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Setting the stage for the future of smaller-scale GTL

N. Hargreaves, Business Development Director, Velocys, Oxford, UK

In May 1954, athlete Roger Bannister broke the four-minute-mile barrier—something that, only a few years prior, experts had stated was impossible. For Velocys, the smaller-scale GTL equivalent of that milestone was achieved in the summer of 2014, when the final investment decision was reached on what will become a commercial reference plant using its smaller-scale GTL technology.

The project, which is under construction adjacent to Waste Management’s East Oak Landfill site in Oklahoma City, Oklahoma, is expected to enter commercial production during the first half of 2016. It is being developed by a JV between Velocys, Ventech Engineers, Waste Management and NRG Energy. The JV company is known as ENVIA Energy.

ENVIA’s smaller-scale FT GTL solution. The Oklahoma City project will provide a commercial reference plant for the use of Velocys’ technology and Ventech’s modularization, and will deploy a number of Velocys’ full-scale Fischer-Tropsch (FT) reactors (Fig. 1). The project will utilize Waste Management’s pioneering landfill gas recovery and cleanup techniques, and will also benefit from NRG Energy’s significant experience in energy project development.

Lipski Fig 01

Fig. 1. One of Velocys’ commercial FT reactors.

The project will use a combination of renewable biogas and low-cost pipeline gas to produce renewable, ultra-clean fuels and chemicals. It is a landmark for GTL and its application to landfill gas on a commercial basis. Without the advances in technology brought by the JV partners, exploitation of this renewable resource in this way would not be possible, considering the volumes of gas available at any one landfill site.

Waste Management has extensive expertise in landfill gas operations at the East Oak Landfill site, which was the site of Waste Management’s pilot-scale landfill GTL unit that commenced operations in 2010. The larger commercial reference plant is being constructed at the same site because gas collection systems are already in place, and gas flow and landfill gas cleanup processes are well understood at that site.

All the main contracts for the project have been entered into, procurement of all major equipment has been completed and fabrication of the FT reactors and plant modules is underway. Groundwork has commenced at the site.

ENVIA’s Oklahoma City project is the first to be developed by the JV, which was formed to develop a series of GTL plants in the US and other select areas. The JV has identified candidate sites for possible future plants and is evaluating those and other opportunities for future project development.

The bigger picture. ENVIA Energy’s GTL plant is only scratching the surface of the potential resources available. The opportunity for smaller-scale GTL is huge.

The US Environmental Protection Agency (EPA) estimates that 250 MMtpy of municipal solid waste are sent to landfill in the US. Furthermore, the EPA estimates that 17% of total US annual methane gas released by human activity originates from US municipal solid waste landfills. Of course, landfill gas is not the only feedstock that can be used as an input to the GTL process.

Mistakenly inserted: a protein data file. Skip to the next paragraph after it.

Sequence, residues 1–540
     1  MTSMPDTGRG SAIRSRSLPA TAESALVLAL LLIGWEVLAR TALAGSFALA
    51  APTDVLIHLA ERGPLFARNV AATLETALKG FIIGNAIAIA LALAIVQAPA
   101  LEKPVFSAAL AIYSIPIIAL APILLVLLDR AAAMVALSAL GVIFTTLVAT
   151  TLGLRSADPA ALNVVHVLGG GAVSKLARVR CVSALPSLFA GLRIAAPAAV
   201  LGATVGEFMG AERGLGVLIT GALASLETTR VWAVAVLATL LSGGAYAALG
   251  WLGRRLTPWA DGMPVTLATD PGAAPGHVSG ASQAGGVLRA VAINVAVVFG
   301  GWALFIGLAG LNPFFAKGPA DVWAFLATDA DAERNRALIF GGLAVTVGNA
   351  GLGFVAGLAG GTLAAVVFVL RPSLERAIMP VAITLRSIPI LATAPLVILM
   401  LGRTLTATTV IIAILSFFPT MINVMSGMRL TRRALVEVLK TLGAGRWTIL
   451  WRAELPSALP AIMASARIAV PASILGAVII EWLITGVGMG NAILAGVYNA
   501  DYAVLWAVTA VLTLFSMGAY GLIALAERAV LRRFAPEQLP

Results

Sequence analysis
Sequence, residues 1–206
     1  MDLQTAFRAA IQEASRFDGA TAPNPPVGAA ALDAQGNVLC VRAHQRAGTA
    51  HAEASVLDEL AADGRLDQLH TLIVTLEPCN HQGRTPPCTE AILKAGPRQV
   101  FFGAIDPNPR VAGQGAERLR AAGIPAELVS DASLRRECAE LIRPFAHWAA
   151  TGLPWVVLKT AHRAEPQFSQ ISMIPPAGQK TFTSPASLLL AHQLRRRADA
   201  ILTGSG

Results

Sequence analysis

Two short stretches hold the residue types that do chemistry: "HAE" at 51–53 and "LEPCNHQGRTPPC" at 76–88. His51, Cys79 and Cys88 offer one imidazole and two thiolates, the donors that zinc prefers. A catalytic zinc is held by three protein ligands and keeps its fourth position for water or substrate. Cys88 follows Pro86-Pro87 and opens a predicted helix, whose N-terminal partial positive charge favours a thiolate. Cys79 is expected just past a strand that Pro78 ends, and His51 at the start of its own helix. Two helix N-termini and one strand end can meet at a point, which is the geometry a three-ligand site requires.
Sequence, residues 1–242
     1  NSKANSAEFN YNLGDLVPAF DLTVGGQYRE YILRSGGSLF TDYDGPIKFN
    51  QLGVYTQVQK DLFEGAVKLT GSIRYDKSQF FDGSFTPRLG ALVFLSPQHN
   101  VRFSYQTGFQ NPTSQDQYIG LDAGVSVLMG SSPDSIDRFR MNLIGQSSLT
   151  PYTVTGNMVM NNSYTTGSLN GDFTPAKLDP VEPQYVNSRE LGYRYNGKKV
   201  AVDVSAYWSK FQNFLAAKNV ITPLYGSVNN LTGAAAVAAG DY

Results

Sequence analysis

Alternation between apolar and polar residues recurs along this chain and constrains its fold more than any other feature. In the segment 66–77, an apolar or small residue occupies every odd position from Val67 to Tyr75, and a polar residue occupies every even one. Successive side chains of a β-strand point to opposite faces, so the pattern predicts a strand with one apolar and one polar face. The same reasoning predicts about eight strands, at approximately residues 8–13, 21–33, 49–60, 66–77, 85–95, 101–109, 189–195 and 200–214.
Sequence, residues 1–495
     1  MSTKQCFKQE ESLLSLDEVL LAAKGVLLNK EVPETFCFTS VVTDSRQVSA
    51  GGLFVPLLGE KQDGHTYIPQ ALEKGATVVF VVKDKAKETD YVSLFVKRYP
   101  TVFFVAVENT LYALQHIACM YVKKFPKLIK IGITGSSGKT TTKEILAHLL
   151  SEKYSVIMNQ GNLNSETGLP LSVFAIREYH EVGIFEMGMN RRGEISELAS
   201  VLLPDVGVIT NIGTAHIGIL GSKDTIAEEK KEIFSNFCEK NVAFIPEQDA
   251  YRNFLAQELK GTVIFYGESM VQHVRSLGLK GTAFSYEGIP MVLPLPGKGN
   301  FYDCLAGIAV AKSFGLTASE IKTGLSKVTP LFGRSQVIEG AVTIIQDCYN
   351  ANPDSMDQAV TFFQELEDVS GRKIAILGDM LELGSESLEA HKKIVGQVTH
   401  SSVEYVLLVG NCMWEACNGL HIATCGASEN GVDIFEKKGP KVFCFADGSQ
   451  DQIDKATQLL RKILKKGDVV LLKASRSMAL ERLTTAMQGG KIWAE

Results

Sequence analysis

Only around 5% of the world’s conventional stranded gas fields (reserves of around 1 Tcf or more) can be monetized by large-scale GTL. However, at a smaller scale, GTL has the potential to unlock up to 50% of the stranded gas fields (with sizes of 0.1 Tcf to 1 Tcf) that conventional technology cannot exploit economically. The amount of gas available to GTL in smaller, conventional gas reserves could be dwarfed by unconventional/shale gas, which is widely distributed. On the associated gas front, the World Bank estimates that 4.9 Tcf of gas is flared worldwide each year, with an additional 6.5 Tcf reinjected, at high cost, to avoid flaring.

All of these unused or wasted resources equate to a huge potential market for smaller-scale GTL. Assuming monetization over 100 years, this could amount to a market potential of 18 MMbpd from unconventional gas, 2.7 MMbpd from associated gas and 4.8 MMbpd from stranded conventional gas. In total, there is potentially an untapped market of as much as 25 MMbpd of fuel using the technology—even before considering the potential use of landfill gas, municipal solid waste and other renewable feedstocks.

Associated gas: a catalyst for change. The growing political, geological, sociological and environmental complexity of oil exploration and production has focused attention on the need to reduce flaring. Flaring regulations are in place in some of the worst-offending regions, such as Russia and the Bakken shale play in the US. However, until there is a demonstrated, economically viable alternative to the environmentally damaging practice of flaring, the political will for regulations to be widely enforced does not appear to exist.